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Future CD Projekt marketing campaigns will start much closer to launch following Cyberpunk 2077 problems
Studio also details new “parallel AAA development” strategy starting in 2022
CD Projekt has said its future games will have “much shorter” marketing campaigns following various issues with how it communicated Cyberpunk 2077.
Initially announced in May 2012, the highly anticipated RPG released in December 2020 following three delays and with a host of technical problems, most notably on last-gen consoles, resulting in the title being pulled from the PlayStation Store.
CD Projekt pledged to polish the overall experience via future updates—this week’s 1.2 update includes over 500 improvements—but also said customers not wanting to keep the game could opt for a refund.
In a strategy update delivered on Tuesday, CD Projekt’s SVP of business development Michał Nowakowski outlined some of the lessons learned from Cyberpunk 2077 marketing failures.
“Going forward, our campaigns will be much shorter. We’ll wait until much closer to a game’s launch before we start showing things like trailers, demos, or going in-depth about mechanics, etc.”
Projects will still receive “small teasers” at an early stage “if it makes sense”, but the main marketing campaigns will be held back.
“And when campaigns do start, we aim to properly manage expectations across all platforms,” Nowakowski said. “This means focusing on communication of polished game footage, not concepts. We’ll also showcase footage of our games on all platforms they will be released on.”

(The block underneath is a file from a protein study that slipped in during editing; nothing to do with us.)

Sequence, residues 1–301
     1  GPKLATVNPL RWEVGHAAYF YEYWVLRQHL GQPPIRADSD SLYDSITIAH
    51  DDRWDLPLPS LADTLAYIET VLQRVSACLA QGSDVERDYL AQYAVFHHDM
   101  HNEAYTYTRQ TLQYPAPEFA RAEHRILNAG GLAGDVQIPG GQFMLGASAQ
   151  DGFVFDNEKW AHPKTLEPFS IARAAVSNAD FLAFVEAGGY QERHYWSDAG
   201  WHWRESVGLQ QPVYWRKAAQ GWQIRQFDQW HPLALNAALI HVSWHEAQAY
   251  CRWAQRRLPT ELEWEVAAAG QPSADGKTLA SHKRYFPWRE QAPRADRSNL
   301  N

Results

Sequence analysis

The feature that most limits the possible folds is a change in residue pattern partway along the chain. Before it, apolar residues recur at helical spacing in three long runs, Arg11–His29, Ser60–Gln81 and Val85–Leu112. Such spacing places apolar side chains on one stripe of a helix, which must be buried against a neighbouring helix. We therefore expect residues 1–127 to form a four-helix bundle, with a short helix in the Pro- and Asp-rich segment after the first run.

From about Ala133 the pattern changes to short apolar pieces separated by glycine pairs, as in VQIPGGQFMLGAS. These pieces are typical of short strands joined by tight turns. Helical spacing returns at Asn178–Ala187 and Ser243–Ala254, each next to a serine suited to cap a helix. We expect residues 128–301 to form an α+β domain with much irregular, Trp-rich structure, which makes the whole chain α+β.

In a bid to be more agile, rather than offering multi-year product plans as it has previously, CD Projekt is shifting to annual content roadmaps “which focus on a single year at a time”.
2021’s content roadmap focuses on plans for Cyberpunk 2077 and The Witcher 3, both of which will receive next-gen updates in the second half of the year.
As part of its strategy update, CD Projekt also outlined a plan to transform its approach to AAA game development.
“The foundation of our strategy is to shift and adapt our focus to enable parallel AAA game development,” starting in 2022, president and joint CEO Adam Kiciński said.
“We plan to achieve this by growing our production capabilities and implementing a range of new ideas to make our work more efficient and seamless.”
CD Projekt said on Tuesday that it has struck a deal to acquire Digital Scapes, a Vancouver-based development studio which contributed to Dying Light and more recently Cyberpunk 2077.
While not directly addressing the subject of crunch at the studio, Kiciński outlined plans to deliver a greater focus on staff wellbeing focused on employee comfort, creating a “barrierless” working environment which prioritises two-way communication, and promoting personal development.
“You cannot be an agile developer without a sustainable and caring work environment,” he said. “We are working hard to minimise stress, prevent burnout and give our employees all they need to focus on their work with a fully positive mindset.”
Kiciński also revealed that CD Projekt has cancelled plans to release a triple-A Cyberpunk multiplayer game.